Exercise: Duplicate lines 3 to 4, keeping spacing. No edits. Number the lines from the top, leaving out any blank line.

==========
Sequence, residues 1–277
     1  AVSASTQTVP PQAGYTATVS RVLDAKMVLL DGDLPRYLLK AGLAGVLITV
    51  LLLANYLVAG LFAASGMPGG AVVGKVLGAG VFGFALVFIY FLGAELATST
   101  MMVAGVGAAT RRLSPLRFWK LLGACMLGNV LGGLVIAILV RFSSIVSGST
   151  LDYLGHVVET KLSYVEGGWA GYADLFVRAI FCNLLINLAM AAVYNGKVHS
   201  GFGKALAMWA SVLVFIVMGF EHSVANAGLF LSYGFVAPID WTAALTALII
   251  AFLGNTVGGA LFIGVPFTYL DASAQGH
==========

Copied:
    51  LLLANYLVAG LFAASGMPGG AVVGKVLGAG VFGFALVFIY FLGAELATST
   101  MMVAGVGAAT RRLSPLRFWK LLGACMLGNV LGGLVIAILV RFSSIVSGST